Study: 20 years of conflict has cost Middle East $12 trillion
Report states that if there was peace, Israeli PCI would be $44,241 instead of the current $23,304.
Twenty years of conflict has cost the Middle East $12 trillion, a study showed on Friday.
Unless the region's conflicts are resolved, the costs will continue to mount, said the study by India's Strategic Foresight Group, backed by governments or other agencies in Norway, Qatar, Switzerland and Turkey.
"The choice they have to make is the choice between the danger of devastation and the promise of peace," said Sundeep Waslekar, the group's president and one of the report's authors.
The figures are all the more striking as global recession and slowdown forces governments to scramble for billions of dollars to shore up banks and economies.
The study looks at the costs of the failure to conclude peace after the 1991 Madrid conference - an attempt by the international community to start Israeli-Arab peace talks in the wake of the Gulf War - negating many of the region's advantages in location, resources and education.
The report looks at conflict in the entire region from Iran to Egypt, including between Israel and its Arab neighbors, the war in Iraq, tension between Iran and Israel and al Qaeda's activities in the Middle East. It also includes rivalry between the Palestinian organizations Hamas and Fatah.
Much of the discussion at Friday's presentation of the report centered on the Israeli-Palestinian conflict in the aftermath of Israel's 22-day assault on the Gaza Strip that killed 1,300 Palestinians, wounded 5,000 and left thousands homeless. Israel lost 10 soldiers and three civilians.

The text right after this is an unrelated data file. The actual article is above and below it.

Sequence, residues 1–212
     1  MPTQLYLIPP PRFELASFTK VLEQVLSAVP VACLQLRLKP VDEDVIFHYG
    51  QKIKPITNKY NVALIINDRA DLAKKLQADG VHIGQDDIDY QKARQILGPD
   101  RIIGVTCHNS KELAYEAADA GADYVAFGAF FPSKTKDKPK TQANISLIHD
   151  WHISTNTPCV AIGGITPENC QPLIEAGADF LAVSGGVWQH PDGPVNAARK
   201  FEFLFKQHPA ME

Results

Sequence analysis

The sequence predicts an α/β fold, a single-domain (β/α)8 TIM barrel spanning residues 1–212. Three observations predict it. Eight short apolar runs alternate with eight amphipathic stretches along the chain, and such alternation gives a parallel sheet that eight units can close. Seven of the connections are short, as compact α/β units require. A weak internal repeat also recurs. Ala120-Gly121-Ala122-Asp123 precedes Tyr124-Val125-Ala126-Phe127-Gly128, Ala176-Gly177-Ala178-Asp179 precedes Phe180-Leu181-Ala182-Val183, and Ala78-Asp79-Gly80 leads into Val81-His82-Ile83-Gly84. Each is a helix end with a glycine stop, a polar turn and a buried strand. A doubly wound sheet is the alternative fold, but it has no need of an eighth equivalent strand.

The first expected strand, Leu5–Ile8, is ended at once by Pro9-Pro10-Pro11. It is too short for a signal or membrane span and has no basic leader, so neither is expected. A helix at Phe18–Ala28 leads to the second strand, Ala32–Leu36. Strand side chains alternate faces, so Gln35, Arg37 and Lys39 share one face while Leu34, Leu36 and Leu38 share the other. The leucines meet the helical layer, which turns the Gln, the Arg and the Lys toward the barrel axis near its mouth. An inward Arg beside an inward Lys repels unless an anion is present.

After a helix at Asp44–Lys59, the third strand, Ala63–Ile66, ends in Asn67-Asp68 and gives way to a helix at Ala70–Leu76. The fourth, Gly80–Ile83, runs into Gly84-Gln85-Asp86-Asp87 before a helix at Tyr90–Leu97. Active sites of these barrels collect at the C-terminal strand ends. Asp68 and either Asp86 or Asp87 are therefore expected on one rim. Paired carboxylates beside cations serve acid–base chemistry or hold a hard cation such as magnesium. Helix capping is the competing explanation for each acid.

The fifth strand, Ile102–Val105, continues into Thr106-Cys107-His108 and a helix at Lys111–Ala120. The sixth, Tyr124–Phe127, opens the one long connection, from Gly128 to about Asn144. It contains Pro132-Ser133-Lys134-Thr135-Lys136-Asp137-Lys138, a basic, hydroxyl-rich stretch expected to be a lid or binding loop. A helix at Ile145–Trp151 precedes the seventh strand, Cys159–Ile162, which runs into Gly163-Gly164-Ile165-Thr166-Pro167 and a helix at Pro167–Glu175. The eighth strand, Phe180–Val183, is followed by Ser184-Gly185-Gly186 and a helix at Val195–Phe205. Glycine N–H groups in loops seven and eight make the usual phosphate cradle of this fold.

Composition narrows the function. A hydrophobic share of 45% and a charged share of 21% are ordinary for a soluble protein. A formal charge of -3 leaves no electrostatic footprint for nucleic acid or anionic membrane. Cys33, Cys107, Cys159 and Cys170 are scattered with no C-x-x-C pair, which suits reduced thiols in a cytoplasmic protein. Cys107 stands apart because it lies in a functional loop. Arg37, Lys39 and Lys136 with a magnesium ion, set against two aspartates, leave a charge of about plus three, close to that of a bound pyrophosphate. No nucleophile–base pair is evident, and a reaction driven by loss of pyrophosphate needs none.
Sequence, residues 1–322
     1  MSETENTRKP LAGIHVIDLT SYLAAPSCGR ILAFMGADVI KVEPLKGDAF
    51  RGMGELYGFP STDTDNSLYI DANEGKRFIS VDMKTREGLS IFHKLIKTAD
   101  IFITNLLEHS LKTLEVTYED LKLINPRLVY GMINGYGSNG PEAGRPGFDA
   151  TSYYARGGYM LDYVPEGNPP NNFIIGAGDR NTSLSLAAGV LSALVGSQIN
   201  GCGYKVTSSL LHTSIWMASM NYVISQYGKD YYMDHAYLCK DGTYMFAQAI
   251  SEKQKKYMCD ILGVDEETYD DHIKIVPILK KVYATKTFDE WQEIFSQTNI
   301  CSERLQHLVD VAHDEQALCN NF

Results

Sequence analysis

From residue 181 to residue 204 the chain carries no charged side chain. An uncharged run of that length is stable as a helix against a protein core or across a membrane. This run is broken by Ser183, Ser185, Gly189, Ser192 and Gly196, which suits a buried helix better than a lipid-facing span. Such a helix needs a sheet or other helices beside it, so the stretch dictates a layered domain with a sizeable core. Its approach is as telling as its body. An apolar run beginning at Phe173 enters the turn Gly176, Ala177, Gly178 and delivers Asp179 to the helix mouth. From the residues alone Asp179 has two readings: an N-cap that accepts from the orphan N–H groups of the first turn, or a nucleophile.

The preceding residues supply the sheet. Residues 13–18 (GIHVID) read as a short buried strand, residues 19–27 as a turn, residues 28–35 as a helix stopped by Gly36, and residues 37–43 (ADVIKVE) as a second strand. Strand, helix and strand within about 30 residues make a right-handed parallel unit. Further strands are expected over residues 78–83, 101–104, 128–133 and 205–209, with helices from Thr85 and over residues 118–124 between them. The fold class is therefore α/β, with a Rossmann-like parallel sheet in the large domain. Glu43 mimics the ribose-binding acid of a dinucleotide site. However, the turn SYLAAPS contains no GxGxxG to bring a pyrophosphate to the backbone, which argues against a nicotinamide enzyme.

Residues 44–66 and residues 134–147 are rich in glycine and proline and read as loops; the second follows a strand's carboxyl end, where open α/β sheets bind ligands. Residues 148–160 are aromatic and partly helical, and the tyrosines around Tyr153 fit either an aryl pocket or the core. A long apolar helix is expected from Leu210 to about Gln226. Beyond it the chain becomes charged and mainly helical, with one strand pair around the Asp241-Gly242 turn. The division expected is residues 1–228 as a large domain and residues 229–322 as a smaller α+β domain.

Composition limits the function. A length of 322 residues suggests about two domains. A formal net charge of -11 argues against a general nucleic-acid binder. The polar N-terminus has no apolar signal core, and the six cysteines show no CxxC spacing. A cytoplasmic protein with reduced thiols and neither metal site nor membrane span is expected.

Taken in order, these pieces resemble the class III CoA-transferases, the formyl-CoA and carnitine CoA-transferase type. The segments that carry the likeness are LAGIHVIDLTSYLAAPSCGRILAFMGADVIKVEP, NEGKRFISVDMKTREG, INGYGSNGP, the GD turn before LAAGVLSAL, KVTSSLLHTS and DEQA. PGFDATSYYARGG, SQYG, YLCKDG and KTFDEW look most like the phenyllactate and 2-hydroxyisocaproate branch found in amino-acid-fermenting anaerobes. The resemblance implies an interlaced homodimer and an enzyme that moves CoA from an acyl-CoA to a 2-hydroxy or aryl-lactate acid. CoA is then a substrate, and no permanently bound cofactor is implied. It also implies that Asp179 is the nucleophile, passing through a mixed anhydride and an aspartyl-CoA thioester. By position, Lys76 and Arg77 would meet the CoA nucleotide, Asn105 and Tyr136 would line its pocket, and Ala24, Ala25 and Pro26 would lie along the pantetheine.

The report estimates the opportunity costs of conflict in the region at 2 percent of growth in gross domestic product. It implies peace combined with good governance and sound economic policies would allow some countries to grow at 8 percent.
Some costs - emotive ones such as the deaths of children and political intangibles such as the loss of America's credibility - are difficult to quantify in monetary terms, but the study tracks them.
One conclusion is that individuals in most countries are half as rich as they would have been if peace had taken off in 1991.
Incomes per head in Israel next year would be $44,241 with peace against a likely $23,304. In the West Bank and Gaza Strip they would be $2,427 instead of $1,220.
For Iraq, income per head next year is projected at $2,375, one quarter of the $9,681 that would have been possible without the conflicts of the past two decades.
One intangible cost is the loss of human dignity. The study points to some economic consequences by calculating that negotiating checkpoints to and from Ramallah in the West Bank has cost Palestinians 100 million person hours since 2000.
All countries in the region are suffering from conflict, Waslekar said.
If instability drives the price of oil back to e100 a barrel once the recession ends, it would wipe out all the gains from trade liberalization of the past 20-30 years, he said.
"Considering the enormity of the costs evidenced in this report which have direct or indirect negative consequences for the whole world, the urgent necessity of a stronger international engagement is inescapable," said Thomas Greminger, a senior Swiss diplomat who worked on the study.